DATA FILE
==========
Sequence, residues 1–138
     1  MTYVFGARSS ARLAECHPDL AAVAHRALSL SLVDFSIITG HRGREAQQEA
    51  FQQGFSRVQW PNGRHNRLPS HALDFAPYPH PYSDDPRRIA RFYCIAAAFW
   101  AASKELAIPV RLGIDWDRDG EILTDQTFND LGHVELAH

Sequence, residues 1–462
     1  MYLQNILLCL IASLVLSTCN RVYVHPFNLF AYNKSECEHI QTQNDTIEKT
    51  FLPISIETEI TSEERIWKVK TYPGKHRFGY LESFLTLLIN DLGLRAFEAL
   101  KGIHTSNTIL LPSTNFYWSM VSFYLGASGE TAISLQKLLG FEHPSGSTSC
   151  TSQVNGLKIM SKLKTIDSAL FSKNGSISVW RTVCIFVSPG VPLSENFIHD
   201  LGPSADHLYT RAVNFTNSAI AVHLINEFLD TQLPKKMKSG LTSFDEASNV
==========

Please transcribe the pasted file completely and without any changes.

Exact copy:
Sequence, residues 1–138
     1  MTYVFGARSS ARLAECHPDL AAVAHRALSL SLVDFSIITG HRGREAQQEA
    51  FQQGFSRVQW PNGRHNRLPS HALDFAPYPH PYSDDPRRIA RFYCIAAAFW
   101  AASKELAIPV RLGIDWDRDG EILTDQTFND LGHVELAH

Sequence, residues 1–462
     1  MYLQNILLCL IASLVLSTCN RVYVHPFNLF AYNKSECEHI QTQNDTIEKT
    51  FLPISIETEI TSEERIWKVK TYPGKHRFGY LESFLTLLIN DLGLRAFEAL
   101  KGIHTSNTIL LPSTNFYWSM VSFYLGASGE TAISLQKLLG FEHPSGSTSC
   151  TSQVNGLKIM SKLKTIDSAL FSKNGSISVW RTVCIFVSPG VPLSENFIHD
   201  LGPSADHLYT RAVNFTNSAI AVHLINEFLD TQLPKKMKSG LTSFDEASNV